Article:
8. The whole place is created just for you and the fantasies of yours. http://www.sunset-gate.com

  9. IMHO Rice was the wrong person to go on the Sunday talk shows, because she had no independent knowledge. All she could do is quote the talking points. The Administration might just as well have sent the moderator a copy of the talking points and let him read them on his TV show.

    Here's an analogy. Suppose you're taking a class in calculus from a teacher who knows no calculus. All he can do is write the words from the tetxtbook on the board. He can't answer any questions unless he can find a quote from the textbook that happens to answer that precise question. I think you can see that a student wouldn't learn as much as if the teacher actually knew what he was talking about and could respond knowledgably to students' questions.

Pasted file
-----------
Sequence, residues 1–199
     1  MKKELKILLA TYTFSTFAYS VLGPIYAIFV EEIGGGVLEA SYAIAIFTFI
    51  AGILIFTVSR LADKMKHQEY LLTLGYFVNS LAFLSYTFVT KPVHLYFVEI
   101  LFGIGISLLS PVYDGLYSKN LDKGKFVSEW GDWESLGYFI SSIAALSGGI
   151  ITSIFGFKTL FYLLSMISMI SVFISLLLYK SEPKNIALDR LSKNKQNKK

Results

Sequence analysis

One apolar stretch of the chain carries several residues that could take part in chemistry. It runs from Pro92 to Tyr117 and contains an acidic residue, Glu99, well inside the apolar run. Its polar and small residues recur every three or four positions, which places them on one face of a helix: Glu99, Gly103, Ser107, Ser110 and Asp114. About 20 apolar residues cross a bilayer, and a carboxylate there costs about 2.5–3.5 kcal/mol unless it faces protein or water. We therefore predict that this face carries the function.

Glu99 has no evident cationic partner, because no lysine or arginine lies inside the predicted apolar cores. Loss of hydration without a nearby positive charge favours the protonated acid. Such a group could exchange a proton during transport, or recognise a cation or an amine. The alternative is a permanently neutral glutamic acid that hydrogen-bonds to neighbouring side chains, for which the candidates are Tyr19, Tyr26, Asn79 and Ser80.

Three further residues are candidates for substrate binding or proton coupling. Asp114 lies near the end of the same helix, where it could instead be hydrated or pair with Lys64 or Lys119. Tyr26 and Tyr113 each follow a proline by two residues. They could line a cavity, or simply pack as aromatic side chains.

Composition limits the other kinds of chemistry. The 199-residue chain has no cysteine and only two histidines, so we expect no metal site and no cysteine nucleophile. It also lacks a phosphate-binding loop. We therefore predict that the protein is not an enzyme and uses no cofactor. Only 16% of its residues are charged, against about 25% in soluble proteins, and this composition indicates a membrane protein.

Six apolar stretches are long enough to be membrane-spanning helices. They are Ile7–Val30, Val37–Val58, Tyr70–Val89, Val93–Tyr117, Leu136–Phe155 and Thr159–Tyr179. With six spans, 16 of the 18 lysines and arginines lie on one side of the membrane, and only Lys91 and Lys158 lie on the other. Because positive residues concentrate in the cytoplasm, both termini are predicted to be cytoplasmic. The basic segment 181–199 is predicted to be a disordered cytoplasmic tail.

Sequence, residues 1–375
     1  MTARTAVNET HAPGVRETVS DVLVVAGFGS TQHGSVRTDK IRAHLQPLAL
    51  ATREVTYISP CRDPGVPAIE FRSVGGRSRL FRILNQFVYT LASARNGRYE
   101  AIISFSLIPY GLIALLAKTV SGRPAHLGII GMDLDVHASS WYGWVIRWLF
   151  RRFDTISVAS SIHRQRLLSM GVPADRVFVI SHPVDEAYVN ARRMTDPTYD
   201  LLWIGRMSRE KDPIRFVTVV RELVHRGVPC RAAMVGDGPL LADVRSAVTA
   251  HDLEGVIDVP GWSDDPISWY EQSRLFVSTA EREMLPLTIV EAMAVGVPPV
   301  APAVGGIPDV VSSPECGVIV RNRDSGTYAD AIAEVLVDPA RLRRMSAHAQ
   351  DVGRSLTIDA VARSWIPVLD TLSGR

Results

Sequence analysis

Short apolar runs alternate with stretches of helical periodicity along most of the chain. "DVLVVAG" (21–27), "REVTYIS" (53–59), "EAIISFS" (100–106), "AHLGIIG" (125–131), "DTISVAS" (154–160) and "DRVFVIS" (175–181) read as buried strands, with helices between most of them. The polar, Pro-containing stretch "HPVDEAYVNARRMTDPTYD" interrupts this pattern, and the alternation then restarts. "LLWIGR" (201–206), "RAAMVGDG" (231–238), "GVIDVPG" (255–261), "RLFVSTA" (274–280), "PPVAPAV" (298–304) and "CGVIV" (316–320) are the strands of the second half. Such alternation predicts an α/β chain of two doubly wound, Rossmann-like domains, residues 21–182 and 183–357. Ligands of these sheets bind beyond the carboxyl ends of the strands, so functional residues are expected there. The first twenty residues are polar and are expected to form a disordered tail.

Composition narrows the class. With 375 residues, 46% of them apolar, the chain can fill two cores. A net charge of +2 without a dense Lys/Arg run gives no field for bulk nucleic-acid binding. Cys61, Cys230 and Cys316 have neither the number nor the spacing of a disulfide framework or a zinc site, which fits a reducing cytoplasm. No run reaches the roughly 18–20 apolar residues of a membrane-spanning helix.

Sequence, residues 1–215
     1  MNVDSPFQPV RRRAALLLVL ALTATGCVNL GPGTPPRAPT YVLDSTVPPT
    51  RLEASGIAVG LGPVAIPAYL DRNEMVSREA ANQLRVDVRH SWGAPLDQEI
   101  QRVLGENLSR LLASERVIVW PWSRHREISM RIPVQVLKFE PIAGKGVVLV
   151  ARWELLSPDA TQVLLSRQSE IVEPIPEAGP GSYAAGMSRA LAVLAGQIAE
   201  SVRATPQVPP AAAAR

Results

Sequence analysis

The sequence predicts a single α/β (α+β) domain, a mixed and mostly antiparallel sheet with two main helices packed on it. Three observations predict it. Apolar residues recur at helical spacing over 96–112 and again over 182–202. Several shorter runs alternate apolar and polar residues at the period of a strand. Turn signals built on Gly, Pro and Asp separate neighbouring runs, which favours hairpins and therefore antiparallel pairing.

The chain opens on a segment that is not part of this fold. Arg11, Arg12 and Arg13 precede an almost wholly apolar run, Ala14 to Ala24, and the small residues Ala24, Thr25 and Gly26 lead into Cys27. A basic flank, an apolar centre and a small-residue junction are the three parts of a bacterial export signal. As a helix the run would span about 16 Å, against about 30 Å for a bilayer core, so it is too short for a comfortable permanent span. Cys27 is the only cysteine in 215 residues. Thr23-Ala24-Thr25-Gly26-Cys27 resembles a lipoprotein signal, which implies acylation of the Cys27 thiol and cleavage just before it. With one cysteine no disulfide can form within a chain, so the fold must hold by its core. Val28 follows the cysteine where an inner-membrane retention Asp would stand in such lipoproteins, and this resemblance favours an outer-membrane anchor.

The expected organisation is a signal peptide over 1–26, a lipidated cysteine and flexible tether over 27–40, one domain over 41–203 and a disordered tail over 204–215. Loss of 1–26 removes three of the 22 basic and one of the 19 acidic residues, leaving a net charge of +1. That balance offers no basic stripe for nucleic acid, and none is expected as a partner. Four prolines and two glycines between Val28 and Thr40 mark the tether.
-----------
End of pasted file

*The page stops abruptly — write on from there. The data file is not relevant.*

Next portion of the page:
Similarly, I think the public would have learned more about Benghazi if someone like Secretary of State Clinton had been interviewed. The Administration's choice of Rice suggests that the Administration's goal was to limit information shared to nothing more than what was in the talking points.

    AnonymousMay 20, 2013 at 3:44 PM -- I'd be happy to have a discussion with you if you'll just choose a screen name. Hit the dropdown, choose name/URL and enter whatever screen name you like.

    1. They signed their post, for crying out loud. That was one of your most poorly executed dodges ever, and that's saying something.

      So you are down to this, it is a scandal because "the public would have learned more" if someone else went on the Sunday shows.

      You know, conservatism is a political philosophy. Undying fealty to Republican talking points is something else.